Rundgren's back-up band for A Wizard, a True Star (1973) evolved into the first version of Utopia, a larger prog-rock ensemble, which included multiple keyboards, synthesizers and brass and featured a character completely disguised in a silver suit, "M. Frog Labat" (Jean-Yves Labat de Rossi) on synthesizers, who also put out his own electronics/keyboards-based solo album. This incarnation premiered on 1974's Todd Rundgren's Utopia, which was book-ended by the 14-minute "Utopia Theme" (recorded live in concert) and the 30-minute suite "The Ikon", which occupied the whole of Side 2 of the album. Like Wizard, the album also showcased Rundgren's skills as a recording and mastering engineer, clocking in at over 30 minutes per side.
A slightly altered version of this group performed on the eclectic 1975 live album Another Live. It featured three new extended progressive tracks (which appear only on this LP), a version of "Heavy Metal Kids" (from Todd) and covers of "Something's Coming" (from "West Side Story") and "Do Ya" by The Move. By the time this album was recorded the Utopia lineup included keyboard player/trumpeter/vocalist Roger Powell and drummer John "Willie" Wilcox.
In 1976 Siegler left Utopia and was replaced by Kasim Sulton (bass, keyboards, vocals), who had previously played with New York singer-poetess Cherry Vanilla. This formidable ensemble was widely regarded as one of the best live acts of its day—all four members were highly accomplished on their main instrument as well as being able to play multiple other instruments, and all four could sing lead vocals.
After 1977's prog-rock fusion homage, Ra, Utopia moved toward a more concise pop-oriented style with 1977's Oops! Wrong Planet, which included "Love Is the Answer", later a hit for England Dan & John Ford Coley, followed by the more successful Adventures In Utopia in 1980, which spawned the hits "Road to Utopia", "Set Me Free" and "Caravan". During that year Utopia also acted as the backing band for the Rundgren-produced Shaun Cassidy solo album Wasp.
Other releases include Deface the Music (also 1980), an uncanny Beatles homage, that borders on parody; the more politicised Swing to the Right (1982), incorporating more new wave elements; their pop-referenced, self-titled album Utopia (1982), as well as Oblivion (1984), which showed a cynical side of Utopia, sporting a black cover. 1985's P.O.V. includes "Mated", later a staple of Rundgren solo tours. Rundgren eventually disbanded Utopia in the mid-1980s; they released Trivia (1986) as their "swan song" effort. However, in 1992 a brief tour of Japan reunited the Rundgren/Powell/Sulton/Wilcox lineup, and Redux '92: Live In Japan was released on Rhino Records.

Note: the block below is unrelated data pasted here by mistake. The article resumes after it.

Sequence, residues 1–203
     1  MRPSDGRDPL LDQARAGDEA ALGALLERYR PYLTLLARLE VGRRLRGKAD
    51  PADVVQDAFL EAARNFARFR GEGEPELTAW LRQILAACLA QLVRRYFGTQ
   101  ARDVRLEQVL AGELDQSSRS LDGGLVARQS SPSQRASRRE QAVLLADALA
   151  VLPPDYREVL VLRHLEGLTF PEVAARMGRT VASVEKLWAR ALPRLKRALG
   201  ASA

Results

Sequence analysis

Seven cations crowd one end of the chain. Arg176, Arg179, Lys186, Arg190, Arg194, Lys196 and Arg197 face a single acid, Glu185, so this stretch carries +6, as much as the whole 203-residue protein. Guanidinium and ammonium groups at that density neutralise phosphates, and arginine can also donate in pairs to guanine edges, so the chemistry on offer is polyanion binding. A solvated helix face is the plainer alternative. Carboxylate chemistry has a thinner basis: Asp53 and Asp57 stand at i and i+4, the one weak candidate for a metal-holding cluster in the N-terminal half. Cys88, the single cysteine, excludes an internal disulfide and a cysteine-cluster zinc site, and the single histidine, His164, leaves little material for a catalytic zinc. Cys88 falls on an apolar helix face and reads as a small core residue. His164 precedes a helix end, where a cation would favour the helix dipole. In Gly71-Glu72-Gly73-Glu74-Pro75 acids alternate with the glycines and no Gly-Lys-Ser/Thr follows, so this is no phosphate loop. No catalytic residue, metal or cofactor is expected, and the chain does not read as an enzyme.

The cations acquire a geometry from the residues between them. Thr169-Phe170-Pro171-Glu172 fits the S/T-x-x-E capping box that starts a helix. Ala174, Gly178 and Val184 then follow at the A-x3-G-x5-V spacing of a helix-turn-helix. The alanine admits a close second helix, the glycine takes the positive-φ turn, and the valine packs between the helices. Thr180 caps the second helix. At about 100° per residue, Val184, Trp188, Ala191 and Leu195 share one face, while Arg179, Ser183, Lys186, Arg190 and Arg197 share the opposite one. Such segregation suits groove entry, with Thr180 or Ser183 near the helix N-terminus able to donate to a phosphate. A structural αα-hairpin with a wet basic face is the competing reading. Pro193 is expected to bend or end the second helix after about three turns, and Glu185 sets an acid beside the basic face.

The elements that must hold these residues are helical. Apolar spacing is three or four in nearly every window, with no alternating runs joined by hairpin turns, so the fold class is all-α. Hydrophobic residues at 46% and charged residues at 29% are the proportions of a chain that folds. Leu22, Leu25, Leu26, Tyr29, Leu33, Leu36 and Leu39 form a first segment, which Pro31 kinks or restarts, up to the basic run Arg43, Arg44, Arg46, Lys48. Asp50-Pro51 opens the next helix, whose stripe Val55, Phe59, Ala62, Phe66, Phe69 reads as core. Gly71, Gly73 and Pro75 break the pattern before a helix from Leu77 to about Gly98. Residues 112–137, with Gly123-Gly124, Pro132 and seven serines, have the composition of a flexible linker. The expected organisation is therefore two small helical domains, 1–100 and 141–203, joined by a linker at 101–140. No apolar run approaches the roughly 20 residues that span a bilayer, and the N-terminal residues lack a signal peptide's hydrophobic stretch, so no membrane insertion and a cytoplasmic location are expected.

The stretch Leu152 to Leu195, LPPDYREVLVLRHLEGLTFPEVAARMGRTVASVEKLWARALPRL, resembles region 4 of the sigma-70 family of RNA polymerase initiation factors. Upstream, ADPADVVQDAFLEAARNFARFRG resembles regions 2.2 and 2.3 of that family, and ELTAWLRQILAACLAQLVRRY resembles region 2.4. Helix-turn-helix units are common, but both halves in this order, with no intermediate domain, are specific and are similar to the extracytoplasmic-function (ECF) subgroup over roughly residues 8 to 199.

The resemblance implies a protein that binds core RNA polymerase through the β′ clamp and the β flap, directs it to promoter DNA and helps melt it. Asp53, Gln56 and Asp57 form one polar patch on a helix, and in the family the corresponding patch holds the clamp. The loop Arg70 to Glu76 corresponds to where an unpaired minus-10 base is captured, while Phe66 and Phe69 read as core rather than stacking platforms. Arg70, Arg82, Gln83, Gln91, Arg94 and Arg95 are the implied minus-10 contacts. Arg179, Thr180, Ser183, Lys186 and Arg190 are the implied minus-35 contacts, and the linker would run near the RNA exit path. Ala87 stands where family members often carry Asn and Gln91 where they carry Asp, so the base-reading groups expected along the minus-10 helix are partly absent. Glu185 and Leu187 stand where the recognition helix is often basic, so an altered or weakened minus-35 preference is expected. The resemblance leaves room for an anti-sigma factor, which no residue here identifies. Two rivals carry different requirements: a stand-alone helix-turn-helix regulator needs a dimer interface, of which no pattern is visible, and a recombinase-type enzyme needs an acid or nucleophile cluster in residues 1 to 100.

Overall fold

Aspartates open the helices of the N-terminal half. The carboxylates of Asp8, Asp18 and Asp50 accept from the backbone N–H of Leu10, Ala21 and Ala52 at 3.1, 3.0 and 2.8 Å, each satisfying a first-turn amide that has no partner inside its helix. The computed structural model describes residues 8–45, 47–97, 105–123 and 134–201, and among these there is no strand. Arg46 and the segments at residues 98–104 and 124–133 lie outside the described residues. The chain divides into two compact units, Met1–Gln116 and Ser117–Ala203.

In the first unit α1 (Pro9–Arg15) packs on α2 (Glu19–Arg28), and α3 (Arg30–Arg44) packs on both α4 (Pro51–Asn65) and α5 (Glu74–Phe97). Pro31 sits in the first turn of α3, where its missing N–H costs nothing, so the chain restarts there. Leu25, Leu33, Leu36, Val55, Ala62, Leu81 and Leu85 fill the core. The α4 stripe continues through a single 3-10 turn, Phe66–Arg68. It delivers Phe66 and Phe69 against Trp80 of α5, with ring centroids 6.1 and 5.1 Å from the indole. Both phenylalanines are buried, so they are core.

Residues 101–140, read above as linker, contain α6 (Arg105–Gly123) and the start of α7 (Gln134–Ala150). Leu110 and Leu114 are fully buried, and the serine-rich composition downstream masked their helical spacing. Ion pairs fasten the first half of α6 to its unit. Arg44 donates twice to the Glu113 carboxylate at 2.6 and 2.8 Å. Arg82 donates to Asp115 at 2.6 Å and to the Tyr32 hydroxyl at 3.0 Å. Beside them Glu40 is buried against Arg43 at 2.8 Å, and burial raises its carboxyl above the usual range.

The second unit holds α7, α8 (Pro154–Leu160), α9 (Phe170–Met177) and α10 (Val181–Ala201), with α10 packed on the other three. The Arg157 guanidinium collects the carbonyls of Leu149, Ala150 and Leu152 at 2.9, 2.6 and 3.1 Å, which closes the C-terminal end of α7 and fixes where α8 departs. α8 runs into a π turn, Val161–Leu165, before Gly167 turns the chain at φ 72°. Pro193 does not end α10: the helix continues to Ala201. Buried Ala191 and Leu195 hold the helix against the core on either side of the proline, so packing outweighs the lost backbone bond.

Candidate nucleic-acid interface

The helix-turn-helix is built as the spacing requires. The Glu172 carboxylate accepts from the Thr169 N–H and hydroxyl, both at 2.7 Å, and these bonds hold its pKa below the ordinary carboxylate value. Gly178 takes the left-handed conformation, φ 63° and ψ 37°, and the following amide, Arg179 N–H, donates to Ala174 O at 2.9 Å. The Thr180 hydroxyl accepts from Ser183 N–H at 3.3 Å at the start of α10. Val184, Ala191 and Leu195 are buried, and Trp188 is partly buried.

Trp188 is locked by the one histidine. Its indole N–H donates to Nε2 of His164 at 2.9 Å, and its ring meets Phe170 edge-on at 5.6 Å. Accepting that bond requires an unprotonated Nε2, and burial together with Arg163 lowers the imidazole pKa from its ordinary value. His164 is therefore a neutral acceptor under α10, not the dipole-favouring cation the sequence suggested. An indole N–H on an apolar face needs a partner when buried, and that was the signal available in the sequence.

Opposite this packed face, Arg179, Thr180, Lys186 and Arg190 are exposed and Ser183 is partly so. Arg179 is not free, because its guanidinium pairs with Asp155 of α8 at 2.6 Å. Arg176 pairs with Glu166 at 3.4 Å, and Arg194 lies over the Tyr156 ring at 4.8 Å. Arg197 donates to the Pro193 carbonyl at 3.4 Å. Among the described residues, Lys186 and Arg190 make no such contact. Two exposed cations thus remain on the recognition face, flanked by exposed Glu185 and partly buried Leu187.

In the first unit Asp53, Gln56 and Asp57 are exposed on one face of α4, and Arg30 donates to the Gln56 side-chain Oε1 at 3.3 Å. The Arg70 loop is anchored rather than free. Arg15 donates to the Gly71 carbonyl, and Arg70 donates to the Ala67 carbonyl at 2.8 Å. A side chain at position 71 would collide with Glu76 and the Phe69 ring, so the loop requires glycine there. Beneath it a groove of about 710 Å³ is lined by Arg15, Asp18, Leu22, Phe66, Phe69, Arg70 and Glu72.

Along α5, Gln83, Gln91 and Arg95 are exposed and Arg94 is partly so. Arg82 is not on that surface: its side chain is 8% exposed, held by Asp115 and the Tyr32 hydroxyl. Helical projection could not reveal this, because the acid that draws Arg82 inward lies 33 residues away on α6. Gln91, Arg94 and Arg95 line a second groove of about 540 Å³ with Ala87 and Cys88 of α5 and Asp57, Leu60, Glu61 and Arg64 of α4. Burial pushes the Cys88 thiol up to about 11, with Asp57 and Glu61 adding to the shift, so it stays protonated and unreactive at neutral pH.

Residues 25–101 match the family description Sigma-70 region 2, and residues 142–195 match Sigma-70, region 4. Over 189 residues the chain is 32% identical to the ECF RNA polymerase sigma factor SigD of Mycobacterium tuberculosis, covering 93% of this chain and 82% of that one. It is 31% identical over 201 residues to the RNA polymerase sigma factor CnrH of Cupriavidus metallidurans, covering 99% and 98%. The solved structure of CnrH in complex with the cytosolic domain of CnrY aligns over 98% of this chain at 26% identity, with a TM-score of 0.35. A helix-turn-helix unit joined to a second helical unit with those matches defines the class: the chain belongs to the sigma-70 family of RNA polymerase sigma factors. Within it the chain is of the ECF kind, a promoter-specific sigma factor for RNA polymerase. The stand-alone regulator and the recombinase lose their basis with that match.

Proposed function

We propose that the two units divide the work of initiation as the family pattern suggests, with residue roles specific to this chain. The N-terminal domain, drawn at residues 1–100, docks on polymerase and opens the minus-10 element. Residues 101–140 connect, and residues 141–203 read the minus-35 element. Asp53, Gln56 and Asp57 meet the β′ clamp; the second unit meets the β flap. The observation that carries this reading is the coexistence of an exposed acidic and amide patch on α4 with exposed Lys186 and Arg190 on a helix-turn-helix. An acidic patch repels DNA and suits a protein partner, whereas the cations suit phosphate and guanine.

Eventually, the compilation Oblivion, P.O.V. and Some Trivia was released in 1996, an effort by Rhino Records to re-release selections from the Todd/Utopia discography. In addition, many Utopia concerts from the mid-1970s onwards were taped (e.g. their 1975 London debut, recorded by BBC Radio) and these were widely bootlegged by fans, although some have since gained an official release and can now be obtained as commercial digital downloads from iTunes.
Read more about this topic: Todd Rundgren
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“If work and leisure are soon to be subordinated to this one utopian principleabsolute busynessthen utopia and melancholy will come to coincide: an age without conflict will dawn, perpetually busyand without consciousness.”
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